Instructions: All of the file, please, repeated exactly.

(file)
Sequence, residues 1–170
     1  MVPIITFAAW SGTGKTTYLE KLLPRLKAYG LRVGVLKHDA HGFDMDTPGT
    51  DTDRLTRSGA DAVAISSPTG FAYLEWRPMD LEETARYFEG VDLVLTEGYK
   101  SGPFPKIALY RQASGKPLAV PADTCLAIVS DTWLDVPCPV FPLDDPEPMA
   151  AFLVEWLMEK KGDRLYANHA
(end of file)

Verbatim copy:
Sequence, residues 1–170
     1  MVPIITFAAW SGTGKTTYLE KLLPRLKAYG LRVGVLKHDA HGFDMDTPGT
    51  DTDRLTRSGA DAVAISSPTG FAYLEWRPMD LEETARYFEG VDLVLTEGYK
   101  SGPFPKIALY RQASGKPLAV PADTCLAIVS DTWLDVPCPV FPLDDPEPMA
   151  AFLVEWLMEK KGDRLYANHA